13 September 2010

D'Souza's Craziness Gets Owned

Dinesh D'Souza, a ridiculous right-wing commentator, recently wrote a ridiculous story for Forbes (the cover story!) where he said ridiculous things.

[O]ur President is trapped in his father's time machine. Incredibly, the U.S. is being ruled according to the dreams of a Luo tribesman of the 1950s. This philandering, inebriated African socialist, who raged against the world for denying him the realization of his anticolonial ambitions, is now setting the nation's agenda through the reincarnation of his dreams in his son. The son makes it happen, but he candidly admits he is only living out his father's dream. The invisible father provides the inspiration, and the son dutifully gets the job done.

Yes, he's arguing that Obama's policies can best be explained as attempts to imitate his father's "anticolonialism." His evidence is about as specious as you can get:

If Obama shares his father's anticolonial crusade, that would explain why he wants people who are already paying close to 50% of their income in overall taxes to pay even more. The anticolonialist believes that since the rich have prospered at the expense of others, their wealth doesn't really belong to them; therefore whatever can be extracted from them is automatically just. Recall what Obama Sr. said in his 1965 paper: There is no tax rate too high, and even a 100% rate is justified under certain circumstances.

Obama supports the Ground Zero mosque because to him 9/11 is the event that unleashed the American bogey and pushed us into Iraq and Afghanistan. He views some of the Muslims who are fighting against America abroad as resisters of U.S. imperialism. Certainly that is the way the Lockerbie bomber Abdel Baset al-Megrahi portrayed himself at his trial. Obama's perception of him as an anticolonial resister would explain why he gave tacit approval for this murderer of hundreds of Americans to be released from captivity.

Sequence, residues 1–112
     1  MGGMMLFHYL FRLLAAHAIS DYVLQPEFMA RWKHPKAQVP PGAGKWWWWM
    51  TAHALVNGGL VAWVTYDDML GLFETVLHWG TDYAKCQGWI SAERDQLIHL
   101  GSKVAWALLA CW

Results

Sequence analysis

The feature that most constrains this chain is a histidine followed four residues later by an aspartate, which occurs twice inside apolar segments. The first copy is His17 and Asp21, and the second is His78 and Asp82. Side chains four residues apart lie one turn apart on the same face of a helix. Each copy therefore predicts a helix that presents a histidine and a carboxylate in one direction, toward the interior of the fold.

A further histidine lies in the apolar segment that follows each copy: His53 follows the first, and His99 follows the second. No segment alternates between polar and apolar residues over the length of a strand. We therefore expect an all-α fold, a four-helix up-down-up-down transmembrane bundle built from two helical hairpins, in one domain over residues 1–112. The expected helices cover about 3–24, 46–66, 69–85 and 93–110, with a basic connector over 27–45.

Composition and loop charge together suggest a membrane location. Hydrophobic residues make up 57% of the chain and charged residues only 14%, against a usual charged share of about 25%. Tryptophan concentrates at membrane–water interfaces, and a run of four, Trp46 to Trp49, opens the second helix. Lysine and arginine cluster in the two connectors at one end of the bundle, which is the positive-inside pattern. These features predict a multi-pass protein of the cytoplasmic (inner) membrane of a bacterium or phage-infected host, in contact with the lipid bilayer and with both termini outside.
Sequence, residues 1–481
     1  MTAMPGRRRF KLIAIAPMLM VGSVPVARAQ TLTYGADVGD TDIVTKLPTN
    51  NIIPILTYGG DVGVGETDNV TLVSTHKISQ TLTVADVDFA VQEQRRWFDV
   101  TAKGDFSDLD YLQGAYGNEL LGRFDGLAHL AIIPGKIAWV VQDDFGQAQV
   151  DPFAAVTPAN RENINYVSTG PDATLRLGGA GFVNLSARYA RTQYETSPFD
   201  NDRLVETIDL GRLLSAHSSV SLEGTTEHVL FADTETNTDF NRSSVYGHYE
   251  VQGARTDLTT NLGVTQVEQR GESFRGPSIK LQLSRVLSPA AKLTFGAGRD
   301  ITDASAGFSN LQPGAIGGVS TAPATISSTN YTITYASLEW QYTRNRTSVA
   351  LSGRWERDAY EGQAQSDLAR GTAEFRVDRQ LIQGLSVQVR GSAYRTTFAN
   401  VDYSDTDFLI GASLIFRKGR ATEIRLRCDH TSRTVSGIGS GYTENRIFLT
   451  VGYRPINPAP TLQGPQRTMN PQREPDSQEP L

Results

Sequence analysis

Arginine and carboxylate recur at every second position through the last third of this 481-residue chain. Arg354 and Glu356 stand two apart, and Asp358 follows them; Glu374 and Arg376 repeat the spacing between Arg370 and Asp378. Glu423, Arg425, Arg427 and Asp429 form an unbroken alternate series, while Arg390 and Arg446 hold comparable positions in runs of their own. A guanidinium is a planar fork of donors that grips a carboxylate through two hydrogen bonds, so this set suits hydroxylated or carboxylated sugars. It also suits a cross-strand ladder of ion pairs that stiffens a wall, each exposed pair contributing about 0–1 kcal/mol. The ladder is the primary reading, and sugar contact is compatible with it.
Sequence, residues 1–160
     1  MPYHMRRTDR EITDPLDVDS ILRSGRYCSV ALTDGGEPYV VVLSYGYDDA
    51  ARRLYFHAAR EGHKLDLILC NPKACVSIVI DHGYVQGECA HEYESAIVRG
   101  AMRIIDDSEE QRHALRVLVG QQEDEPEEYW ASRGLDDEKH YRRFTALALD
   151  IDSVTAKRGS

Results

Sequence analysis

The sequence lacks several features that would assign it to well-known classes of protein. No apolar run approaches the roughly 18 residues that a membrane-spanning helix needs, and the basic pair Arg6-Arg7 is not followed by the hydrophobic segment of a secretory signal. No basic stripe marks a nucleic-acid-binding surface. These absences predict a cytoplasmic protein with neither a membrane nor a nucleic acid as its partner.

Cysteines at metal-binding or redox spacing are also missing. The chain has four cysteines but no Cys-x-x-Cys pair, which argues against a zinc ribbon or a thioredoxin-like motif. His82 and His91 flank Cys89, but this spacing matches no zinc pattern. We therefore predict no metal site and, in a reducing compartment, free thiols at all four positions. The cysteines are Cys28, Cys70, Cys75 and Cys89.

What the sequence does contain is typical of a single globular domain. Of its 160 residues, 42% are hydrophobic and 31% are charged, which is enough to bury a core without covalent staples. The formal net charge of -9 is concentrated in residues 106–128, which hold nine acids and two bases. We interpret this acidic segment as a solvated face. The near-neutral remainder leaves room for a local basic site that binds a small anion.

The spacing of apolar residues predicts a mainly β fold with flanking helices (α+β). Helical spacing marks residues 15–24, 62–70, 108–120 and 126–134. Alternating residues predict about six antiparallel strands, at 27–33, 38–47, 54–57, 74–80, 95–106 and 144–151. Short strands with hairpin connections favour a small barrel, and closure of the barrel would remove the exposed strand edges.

The story is being called some bad names by people like the Columbia Journalism Review: "a gross piece of innuendo—a fact-twisting, error-laden piece of paranoia. This is the worst kind of smear journalism—a singularly disgusting work."

Luckily, there are still sane people in the world. The Economist's Democracy in America blog mocks D'Sousa handily:

[W]hile I don't have any trouble understanding how Barack Obama thinks, I have a lot of trouble understanding how Dinesh D'Souza thinks. And if I were to try to understand his thinking using the same methods he uses to interpret Mr Obama, I might look to his Indian background, which is where he says he gained his insight into anti-colonialism. Mr D'Souza notes simply that he grew up in Mumbai, but a more complete accounting is that his parents were members of the Christian community in the state of Goa, which was colonised by Portugal.
Most Americans wouldn't have a hard time answering the question of why the government ought to guarantee all kids a good education. "Because it's not the kids' fault that their parents aren't rich PhD's" pretty much covers it. (Another reason: because, unlike India, we have the resources to do so.) So why would Mr D'Souza perform the moral contortionist's act necessary to justify elitism in education as integral to a "free society"? Well, here's an explanation modeled on the one Mr D'Souza provides for Mr Obama's views:
If Mr D'Souza grew up amongst a tiny hereditary elite desperately trying to protect its privileged status in a huge and bitterly poor third-world country, that would explain why he wants to make sure disadvantaged children are denied the educational opportunities his daughter receives.
A pretty wicked burn on a pretty ridiculous guy.

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